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HMRC says ‘missing data’ caused false SEISS checks

HMRC’s eligibility checks for the Self Employed Income Support Scheme (SEISS) have been called into question after accountants and taxpayers reported a rash of false reports after the online checker was launched last week.

12th May 2020
Editor in Chief (interim) AccountingWEB
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HMRC says 'missing data' caused false SEISS checks
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With claims due to be lodged from Wednesday 13 May until Saturday 16 May, accountants started flagging up the problem in Any Answers and in AccountingWEB’s coronavirus Q&A webinar on 7 May.

Nine separate practitioners logged more than a dozen false results within two days of the checker opening for business on Monday 5 May: four instances were false positives, while nine claims that should have been eligible were rejected.

AccountingWEB member SXGuy switched from self employment to a limited company last year and had some cross-over on his 2018/19 tax return. “According to the checker I’m eligible. I know I’m not since I never continued to trade as SE in 19/20,” he commented.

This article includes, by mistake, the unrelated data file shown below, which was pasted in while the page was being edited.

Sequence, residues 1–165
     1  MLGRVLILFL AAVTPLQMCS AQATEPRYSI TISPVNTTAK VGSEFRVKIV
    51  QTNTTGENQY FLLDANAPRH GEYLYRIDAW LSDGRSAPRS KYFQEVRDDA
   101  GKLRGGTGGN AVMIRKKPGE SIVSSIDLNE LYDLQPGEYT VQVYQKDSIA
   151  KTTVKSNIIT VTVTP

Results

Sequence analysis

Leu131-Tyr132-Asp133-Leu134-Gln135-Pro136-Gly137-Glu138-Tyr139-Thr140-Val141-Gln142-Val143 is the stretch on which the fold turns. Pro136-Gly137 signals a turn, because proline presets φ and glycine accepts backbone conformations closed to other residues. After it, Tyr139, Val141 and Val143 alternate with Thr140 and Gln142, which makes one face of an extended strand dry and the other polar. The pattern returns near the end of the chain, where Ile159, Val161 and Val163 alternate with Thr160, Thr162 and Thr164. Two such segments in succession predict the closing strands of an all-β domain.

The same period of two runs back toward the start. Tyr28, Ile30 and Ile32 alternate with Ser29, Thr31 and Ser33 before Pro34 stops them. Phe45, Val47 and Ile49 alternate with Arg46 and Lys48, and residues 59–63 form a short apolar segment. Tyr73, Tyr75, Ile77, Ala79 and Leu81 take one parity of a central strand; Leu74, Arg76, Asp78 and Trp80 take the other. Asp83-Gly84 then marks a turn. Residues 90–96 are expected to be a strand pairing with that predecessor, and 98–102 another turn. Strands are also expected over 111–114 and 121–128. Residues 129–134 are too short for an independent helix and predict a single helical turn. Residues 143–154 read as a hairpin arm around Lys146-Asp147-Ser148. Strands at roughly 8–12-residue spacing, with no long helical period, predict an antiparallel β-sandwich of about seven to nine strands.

Other people have been reporting false positives, he continued: “I don't think it’s mainly due to late submission. Seems there's a glitch somewhere.”

The same explanation occurred to rhysharris: “There will be masses of appeals and queries.”

To add insult to the underlying frustrations from practitioners who can’t claim on behalf of their clients, Stalytax found out they were eligible and followed the link to register for a claim. “Then [I] got chucked out as I am down as a client of myself and agents cannot access this service.”

Moneybox interview

By Saturday, the issue had escalated to BBC Radio 4’s Moneybox [9:30mins into 9 May episode], which reported that it had referred “dozens” of false claim cases to HMRC.

HMRC told Paul Lewis that although it had launched the eligibility checker web page on Monday, some people had tried it out before it was fully loaded with data. Yet still the cases were coming forward, including two Moneybox listeners, Sarah and Bruce.

The department’s chief executive Jim Harra joined the programme to offer the official explanation, without adding much new information.

“The checker is ready and working for vast, vast majority of people; 2.7m people have used it to date, but here are a small number of people where we will have updated data and they should get a correct answer,” said Hanna.

“We have double-checked thousands of cases and in the vast majority of cases the checker has been correct.”

When pressed by presenter Paul Lewis on why the checker could not indicate the reasons why taxpayers were being rejected for the scheme, Hanna replied: “It hasn’t been possible to design the checker to give reasons in the time available.”